It is part of cultural lore that if you go to prison you will be raped. Literature, television and movies have reinforced this belief and a Department of Justice study released last year found that about four percent of inmates were raped during a 12 month period. That's nearly 62-thousand sexual assaults just in the prison system.
Rape is most prevalent in large institutions though small jails and holding facilities are not immune. There are new Federal laws in place to reduce sexual assaults in prison. And, the Pitkin County jail is now working on a set of policies and procedures that will serve as a model for rural jails across Colorado. APR's Roger Adams explains.
The last time there was an incident in the Pitkin County jail that could be described as a sexual assault was in the 1980's. It is an enviable record for a jail and now jail administrator Don Bird has been asked to let his facility be used as a model.
"The things we're involved in doing are improving our jail polices and procedures as they relate to sexual abuse prevention, detection and response."
The jail is in essence writing a kind of operations manual that small jails around the state will use to become compliant with the new Federal regulations. One change is that prison and jail officials must educate their inmates about sexual assault prevention. Another regulation adds sexual assault screening when someone is arrested.
"Everybody that's arrested comes in here and gets booked we're going to have to screen them at that time for likelihood of being a victim, being victimized by someone while they are incarcerated or the likelihood of being a predator, in other words, victimizing somebody else while they're in here."
The booking process already includes a series of background checks of medical, police and other records. Now inmates with sexual assaults in their past will be held according to additional procedures. For potential predators the solution is isolation.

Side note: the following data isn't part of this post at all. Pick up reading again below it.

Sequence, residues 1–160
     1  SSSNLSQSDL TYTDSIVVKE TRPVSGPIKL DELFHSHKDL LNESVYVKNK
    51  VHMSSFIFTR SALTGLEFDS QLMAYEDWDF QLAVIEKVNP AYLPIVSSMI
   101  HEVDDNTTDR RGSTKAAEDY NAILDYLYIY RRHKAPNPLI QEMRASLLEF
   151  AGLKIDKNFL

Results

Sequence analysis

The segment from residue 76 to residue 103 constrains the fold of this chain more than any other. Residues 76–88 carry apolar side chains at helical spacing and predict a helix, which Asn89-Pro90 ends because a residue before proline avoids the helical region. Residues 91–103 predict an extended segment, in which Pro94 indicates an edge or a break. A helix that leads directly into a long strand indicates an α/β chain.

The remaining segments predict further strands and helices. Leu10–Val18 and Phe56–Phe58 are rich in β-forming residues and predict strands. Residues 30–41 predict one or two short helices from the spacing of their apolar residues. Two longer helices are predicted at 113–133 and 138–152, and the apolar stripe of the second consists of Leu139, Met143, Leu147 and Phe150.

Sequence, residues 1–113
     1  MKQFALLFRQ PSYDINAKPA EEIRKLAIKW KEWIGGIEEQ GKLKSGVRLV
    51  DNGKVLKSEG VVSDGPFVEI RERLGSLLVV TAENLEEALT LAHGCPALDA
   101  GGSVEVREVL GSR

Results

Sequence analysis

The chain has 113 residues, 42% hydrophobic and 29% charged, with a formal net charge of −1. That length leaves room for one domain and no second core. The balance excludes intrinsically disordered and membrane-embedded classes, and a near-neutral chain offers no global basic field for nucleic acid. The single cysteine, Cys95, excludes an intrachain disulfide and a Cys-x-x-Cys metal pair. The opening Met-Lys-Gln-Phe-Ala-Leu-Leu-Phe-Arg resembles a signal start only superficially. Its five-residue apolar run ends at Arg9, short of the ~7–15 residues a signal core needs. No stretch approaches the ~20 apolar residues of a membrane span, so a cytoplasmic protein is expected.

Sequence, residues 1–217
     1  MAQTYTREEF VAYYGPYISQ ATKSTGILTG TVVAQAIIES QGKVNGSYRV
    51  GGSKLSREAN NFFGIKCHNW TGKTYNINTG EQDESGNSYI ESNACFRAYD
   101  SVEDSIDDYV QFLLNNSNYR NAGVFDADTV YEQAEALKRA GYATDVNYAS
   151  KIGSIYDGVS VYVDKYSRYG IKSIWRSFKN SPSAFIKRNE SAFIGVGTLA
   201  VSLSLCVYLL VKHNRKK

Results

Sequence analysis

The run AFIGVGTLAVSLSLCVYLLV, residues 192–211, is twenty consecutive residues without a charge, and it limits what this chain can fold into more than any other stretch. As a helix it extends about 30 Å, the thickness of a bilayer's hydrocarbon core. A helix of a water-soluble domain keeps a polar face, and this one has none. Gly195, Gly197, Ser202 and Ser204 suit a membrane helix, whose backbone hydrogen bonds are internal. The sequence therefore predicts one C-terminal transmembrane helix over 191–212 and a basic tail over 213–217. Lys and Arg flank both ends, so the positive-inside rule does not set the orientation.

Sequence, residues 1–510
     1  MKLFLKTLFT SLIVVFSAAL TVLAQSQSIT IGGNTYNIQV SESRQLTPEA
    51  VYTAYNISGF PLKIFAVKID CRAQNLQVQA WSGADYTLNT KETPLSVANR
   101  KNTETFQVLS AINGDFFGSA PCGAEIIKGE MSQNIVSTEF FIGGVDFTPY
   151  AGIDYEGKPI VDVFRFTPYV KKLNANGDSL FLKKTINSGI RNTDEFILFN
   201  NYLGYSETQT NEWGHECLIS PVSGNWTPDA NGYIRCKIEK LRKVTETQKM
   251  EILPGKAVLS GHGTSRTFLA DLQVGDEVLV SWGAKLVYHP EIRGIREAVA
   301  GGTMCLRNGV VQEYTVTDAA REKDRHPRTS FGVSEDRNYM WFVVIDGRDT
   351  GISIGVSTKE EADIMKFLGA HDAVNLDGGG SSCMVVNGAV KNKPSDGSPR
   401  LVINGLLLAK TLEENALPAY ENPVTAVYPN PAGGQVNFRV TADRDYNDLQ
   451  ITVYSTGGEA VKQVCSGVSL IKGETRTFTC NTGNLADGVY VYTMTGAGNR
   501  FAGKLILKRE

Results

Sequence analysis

"If somebody comes in and they have an assaultive history or a history in another facility of either assaulting officers or other inmates we would classify that person as a maximum security inmate and we would restrict their movement in the jail."
It's more complicated for the jail when an inmate is a potential victim. If someone has been a victim in the past they can't just be separated from the general population.
"We would have to take some steps to protect the individual without penalizing them unduly."
In other words, these inmates cannot be denied things like exercise or educational classes just because they could be victimized.
Victims of sexual assault while incarcerated often face additional problems beyond the fact they are in jail. Once released many have more difficulty readjusting to life outside, they are more likely to reoffend and wind up back in prison. The new rules designed to prevent sexual abuse in jail are all part of the Prison Rape Elimination Act known as PREA.
"Its victim-centered so that's a new wrinkle in corrections and a new wrinkle in the law. The whole law is geared toward the victim."
Prison rape is considered a human rights issue, that people who are serving time should be kept healthy and safe and that their security is the job of the institution. And for many small jails it means an extensive process of training and policy changes. The model being produced here in Pitkin County's jail will make that process easier for other facilities. Bird and his staff are working with Christine Kregg from Just Detention, a non-profit contracted by the Federal Bureau of Justice assistance.
"We are here as part of a cooperative agreement, a grant, with the Pitkin County jail, to work on comprehensively addressing sexual abuse in specifically small rural jails."
All incarceration facilities must comply with PREA as the country tries to eliminate, or at least reduce, the more than sixty thousand rapes per year behind bars. It was this epidemic of abuse which led to the creation of Just Detention in 1980 in San Francisco as a grassroots effort. It culminated in the 2003 passage of the rape elimination act. Now the final steps are to implement the new regulations. Kregg says the work is a kind of overhaul of the prison system. It covers multiple bases.
"How to detect and respond to sexual abuse, what are the specific laws, not just PREA, but state criminal laws that relate, mandatory reporting. We talk about how do you communicate effectively with lesbian, gay, bisexual and transgender inmates who are disproportionately for sexual abuse in custody."
Kregg has worked extensively training the jail staff here and with jailer Don Bird on writing the procedure manual. They are almost done after a year of working. Under terms of the Prison Rape Elimination Act a commission of auditors has been formed. Once jails around Colorado have trained with the procedures being created here the auditors will begin making regular visits to ensure compliance in the future.